Media: Nissan ex-chair Ghosn indicted for breach of trust

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TOKYO (AP) — Japanese prosecutors said Monday they have indicted Nissan’s former chairman Carlos Ghosn on fresh breach of trust charges that expand their allegations of financial misconduct outside Japan.

After the indictment, Ghosn’s lawyers filed a request for his release on bail, the Tokyo District Court said.

The charges filed Monday are related to payments by a subsidiary of the Japanese automaker that allegedly went to a private investment company controlled by Ghosn.

Ghosn, 65, was arrested in November. He says he is innocent of all financial misconduct charges against him.

The indictment, Ghosn’s fourth, was expected and it ensures he will remain in detention unless his request for bail is granted. Ghosn’s current period of detention would have expired Monday if he had not been charged. A decision on the bail request could take days as prosecutors and defense lawyers argue over conditions for his release.

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The Tokyo District Prosecutors’ Office said in a statement that Ghosn caused $5 million in financial damages to Nissan by siphoning off half of $10 million that he had a Nissan Motor Co. subsidiary transfer to an overseas sales agent for the automaker in 2017 and 2018.

The indictment alleges that Ghosn diverted $2.5 million in July 2017 and another $2.5 million a year later from the sales agent to his private investment company for his personal benefit.

Japanese media speculated that prosecutors are nearing the end of their investigation, but Tokyo deputy-chief prosecutor Shin Kukimoto said Monday he could not comment on whether any fresh charges might be filed against Ghosn.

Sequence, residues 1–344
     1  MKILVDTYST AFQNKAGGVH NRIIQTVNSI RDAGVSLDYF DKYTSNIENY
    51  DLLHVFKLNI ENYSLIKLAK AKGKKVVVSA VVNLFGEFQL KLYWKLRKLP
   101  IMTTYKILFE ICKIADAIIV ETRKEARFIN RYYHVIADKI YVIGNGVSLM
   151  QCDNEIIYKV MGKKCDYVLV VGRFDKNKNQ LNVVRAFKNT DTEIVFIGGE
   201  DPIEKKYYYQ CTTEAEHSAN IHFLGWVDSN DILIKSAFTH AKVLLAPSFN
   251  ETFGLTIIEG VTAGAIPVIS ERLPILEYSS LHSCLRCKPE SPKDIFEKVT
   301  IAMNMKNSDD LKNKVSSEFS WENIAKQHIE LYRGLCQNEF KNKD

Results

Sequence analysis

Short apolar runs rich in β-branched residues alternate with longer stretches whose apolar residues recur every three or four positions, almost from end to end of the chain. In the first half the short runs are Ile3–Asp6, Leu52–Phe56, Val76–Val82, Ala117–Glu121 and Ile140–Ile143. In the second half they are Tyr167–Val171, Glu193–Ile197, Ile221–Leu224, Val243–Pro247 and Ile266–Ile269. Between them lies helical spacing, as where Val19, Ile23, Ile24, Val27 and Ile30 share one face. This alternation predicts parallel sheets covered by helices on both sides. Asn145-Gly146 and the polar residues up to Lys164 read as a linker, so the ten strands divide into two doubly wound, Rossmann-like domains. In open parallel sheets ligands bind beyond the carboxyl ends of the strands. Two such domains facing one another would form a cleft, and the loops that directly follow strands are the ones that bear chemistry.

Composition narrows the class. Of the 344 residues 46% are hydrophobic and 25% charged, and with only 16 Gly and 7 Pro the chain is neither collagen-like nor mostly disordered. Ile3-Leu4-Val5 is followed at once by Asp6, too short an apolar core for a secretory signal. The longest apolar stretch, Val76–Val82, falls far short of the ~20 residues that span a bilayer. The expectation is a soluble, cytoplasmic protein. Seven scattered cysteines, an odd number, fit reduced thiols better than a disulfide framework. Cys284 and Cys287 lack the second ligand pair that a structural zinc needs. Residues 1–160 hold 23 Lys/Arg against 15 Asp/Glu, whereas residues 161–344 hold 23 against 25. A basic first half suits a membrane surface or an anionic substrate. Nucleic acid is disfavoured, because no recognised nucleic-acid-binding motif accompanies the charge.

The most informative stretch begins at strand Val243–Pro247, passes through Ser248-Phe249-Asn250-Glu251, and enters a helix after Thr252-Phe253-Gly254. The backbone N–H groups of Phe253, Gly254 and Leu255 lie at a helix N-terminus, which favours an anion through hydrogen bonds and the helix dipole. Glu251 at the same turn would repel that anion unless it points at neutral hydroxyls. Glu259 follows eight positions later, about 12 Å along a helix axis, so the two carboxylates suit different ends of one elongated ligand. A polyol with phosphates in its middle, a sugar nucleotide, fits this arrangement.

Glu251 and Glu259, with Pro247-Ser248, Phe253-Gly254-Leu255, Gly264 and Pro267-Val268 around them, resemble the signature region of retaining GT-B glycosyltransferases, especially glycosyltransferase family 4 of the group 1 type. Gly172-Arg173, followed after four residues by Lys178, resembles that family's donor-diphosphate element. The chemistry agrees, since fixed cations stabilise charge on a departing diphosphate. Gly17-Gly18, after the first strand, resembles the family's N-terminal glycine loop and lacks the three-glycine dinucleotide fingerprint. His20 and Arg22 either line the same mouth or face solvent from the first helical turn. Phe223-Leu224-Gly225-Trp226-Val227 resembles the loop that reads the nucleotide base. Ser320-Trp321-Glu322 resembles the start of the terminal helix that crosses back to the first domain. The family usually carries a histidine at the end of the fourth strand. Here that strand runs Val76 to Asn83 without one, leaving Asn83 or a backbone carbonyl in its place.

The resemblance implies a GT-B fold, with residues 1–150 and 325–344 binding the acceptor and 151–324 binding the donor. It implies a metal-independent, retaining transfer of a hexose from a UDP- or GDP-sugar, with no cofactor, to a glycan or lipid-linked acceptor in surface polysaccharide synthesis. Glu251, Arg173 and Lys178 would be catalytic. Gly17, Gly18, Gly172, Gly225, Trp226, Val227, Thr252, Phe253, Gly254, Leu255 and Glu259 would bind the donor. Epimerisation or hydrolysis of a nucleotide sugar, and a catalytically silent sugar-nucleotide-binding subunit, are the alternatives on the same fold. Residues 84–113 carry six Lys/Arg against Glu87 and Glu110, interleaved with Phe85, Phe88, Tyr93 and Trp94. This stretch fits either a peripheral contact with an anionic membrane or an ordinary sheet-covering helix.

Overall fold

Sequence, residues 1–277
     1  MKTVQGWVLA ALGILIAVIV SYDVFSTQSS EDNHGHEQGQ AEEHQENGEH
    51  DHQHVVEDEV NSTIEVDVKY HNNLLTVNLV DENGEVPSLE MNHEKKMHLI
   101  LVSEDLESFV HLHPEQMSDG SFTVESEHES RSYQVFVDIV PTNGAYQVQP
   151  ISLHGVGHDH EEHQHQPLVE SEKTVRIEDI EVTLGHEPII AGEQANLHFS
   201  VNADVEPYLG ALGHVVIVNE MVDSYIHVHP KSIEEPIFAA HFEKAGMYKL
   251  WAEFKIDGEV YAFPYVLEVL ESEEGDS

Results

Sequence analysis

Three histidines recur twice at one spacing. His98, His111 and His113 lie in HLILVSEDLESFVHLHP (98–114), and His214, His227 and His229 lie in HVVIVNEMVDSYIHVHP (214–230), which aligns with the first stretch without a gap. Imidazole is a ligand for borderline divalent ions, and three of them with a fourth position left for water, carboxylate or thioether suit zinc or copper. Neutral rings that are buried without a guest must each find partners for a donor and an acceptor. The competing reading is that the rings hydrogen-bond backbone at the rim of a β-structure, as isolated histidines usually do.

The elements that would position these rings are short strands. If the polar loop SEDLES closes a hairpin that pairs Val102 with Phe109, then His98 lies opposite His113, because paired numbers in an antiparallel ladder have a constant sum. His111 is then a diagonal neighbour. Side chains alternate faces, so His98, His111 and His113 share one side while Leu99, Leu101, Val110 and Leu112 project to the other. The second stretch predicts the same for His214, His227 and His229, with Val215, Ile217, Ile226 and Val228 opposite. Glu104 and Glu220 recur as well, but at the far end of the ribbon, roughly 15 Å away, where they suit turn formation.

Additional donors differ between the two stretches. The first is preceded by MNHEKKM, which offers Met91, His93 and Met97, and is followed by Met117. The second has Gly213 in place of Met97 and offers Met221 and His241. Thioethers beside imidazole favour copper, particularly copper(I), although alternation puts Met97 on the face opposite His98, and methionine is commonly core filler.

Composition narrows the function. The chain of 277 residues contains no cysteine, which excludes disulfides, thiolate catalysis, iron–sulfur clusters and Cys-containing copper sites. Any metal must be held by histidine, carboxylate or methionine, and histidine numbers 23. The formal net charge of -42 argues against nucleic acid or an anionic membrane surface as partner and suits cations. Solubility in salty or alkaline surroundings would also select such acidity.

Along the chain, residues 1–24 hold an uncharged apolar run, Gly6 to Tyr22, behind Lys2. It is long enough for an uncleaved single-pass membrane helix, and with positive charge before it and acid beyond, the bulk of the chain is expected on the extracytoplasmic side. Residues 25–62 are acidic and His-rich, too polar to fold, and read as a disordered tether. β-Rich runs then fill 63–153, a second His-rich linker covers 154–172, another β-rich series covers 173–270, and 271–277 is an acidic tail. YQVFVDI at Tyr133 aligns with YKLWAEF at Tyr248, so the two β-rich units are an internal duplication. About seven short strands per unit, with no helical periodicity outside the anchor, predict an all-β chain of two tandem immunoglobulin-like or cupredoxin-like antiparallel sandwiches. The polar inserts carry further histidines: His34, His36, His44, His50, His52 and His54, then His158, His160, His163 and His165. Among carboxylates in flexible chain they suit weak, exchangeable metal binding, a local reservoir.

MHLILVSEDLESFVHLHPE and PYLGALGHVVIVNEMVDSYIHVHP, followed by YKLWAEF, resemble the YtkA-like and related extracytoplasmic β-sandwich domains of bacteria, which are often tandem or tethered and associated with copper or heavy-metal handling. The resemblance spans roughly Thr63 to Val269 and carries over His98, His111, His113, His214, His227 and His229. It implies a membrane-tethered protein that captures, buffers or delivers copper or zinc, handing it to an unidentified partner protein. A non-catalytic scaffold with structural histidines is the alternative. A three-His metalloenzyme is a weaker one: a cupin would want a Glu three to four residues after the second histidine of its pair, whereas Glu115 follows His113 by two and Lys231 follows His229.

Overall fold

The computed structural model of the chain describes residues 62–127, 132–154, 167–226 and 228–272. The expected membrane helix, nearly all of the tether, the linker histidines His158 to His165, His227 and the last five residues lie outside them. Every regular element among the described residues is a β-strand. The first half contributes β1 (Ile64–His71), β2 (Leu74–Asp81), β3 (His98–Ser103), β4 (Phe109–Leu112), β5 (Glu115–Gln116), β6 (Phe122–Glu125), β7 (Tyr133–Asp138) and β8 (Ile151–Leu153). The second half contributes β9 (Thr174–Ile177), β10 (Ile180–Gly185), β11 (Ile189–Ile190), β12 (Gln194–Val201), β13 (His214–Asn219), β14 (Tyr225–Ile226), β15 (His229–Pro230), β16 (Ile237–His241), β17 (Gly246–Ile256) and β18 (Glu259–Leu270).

“I can only say we are confident that we have gathered enough evidence to win convictions in all four counts of charges,” he said.

Nissan said Monday in a statement that it had filed a criminal complaint against Ghosn related to the indictment. It said it had determined that the payments in question “were in fact directed by Ghosn for his personal enrichment and were not necessary from a business standpoint.”

“Such misconduct is completely unacceptable, and Nissan is requesting appropriately strict penalties,” it said.

Ghosn was released on 1 billion yen ($9 million) bail in early March under strict conditions pending his trial. Prosecutors re-arrested him a month later. He is being held at the Tokyo Detention House for questioning.

Ghosn has said that payments prosecutors say amount to breaches of trust were legitimate business transactions. He also contends that a charge that he underreported his compensation involves payments that were never paid or decided upon.

Rearrests of suspects released on bail, which is allowed only after indictment, are unusual. The handling of Ghosn’s case has triggered criticism of Japan’s criminal justice system, where lengthy detentions of suspects during investigations are routine.

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Ghosn’s wife Carole Ghosn has criticized the prosecutors’ handling of the investigation of her husband, accusing them of mistreating him. Kukimoto, the prosecutor, said Ghosn has been treated just like any Japanese suspect.

“We maintain appropriate detention conditions, and (Ghosn) is not treated any worse than his Japanese counterparts. We never deprive him of meals or of sleep at night,” he said.

One of Ghosn’s lawyers, Takashi Takano, said his client has been interrogated an average of four hours a day without the presence of his lawyer despite demands that the practice be stopped.

Nissan’s French alliance partner Renault SA sent Ghosn, a citizen of Brazil, France and Lebanon, to the Japanese automaker to turn it around when it was on the brink of bankruptcy 20 years ago. Nissan is 43% owned by Renault, which is partly owned by the French government.

In a video statement released this month after his arrest, Ghosn accused some Nissan executives of plotting against him out of fears that Renault would take over the Japanese car maker.

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Follow Mari Yamaguchi on Twitter at https://www.twitter.com/mariyamaguchi

The Western Journal has not reviewed this Associated Press story prior to publication. Therefore, it may contain editorial bias or may in some other way not meet our normal editorial standards. It is provided to our readers as a service from The Western Journal.

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